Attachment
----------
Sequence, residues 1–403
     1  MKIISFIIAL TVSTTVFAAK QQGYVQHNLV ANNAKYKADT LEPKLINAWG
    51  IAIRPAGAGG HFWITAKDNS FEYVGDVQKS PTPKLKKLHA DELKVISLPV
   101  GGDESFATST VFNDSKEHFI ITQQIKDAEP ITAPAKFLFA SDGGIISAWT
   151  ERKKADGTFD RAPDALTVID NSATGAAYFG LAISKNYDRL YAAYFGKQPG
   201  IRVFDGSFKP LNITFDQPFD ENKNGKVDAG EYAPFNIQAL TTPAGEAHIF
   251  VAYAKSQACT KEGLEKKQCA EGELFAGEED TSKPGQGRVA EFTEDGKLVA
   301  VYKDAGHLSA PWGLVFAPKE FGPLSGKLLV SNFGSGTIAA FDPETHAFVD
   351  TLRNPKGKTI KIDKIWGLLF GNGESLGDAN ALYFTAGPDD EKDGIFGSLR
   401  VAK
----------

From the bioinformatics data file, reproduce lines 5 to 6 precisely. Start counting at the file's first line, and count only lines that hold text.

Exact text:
   151  ERKKADGTFD RAPDALTVID NSATGAAYFG LAISKNYDRL YAAYFGKQPG
   201  IRVFDGSFKP LNITFDQPFD ENKNGKVDAG EYAPFNIQAL TTPAGEAHIF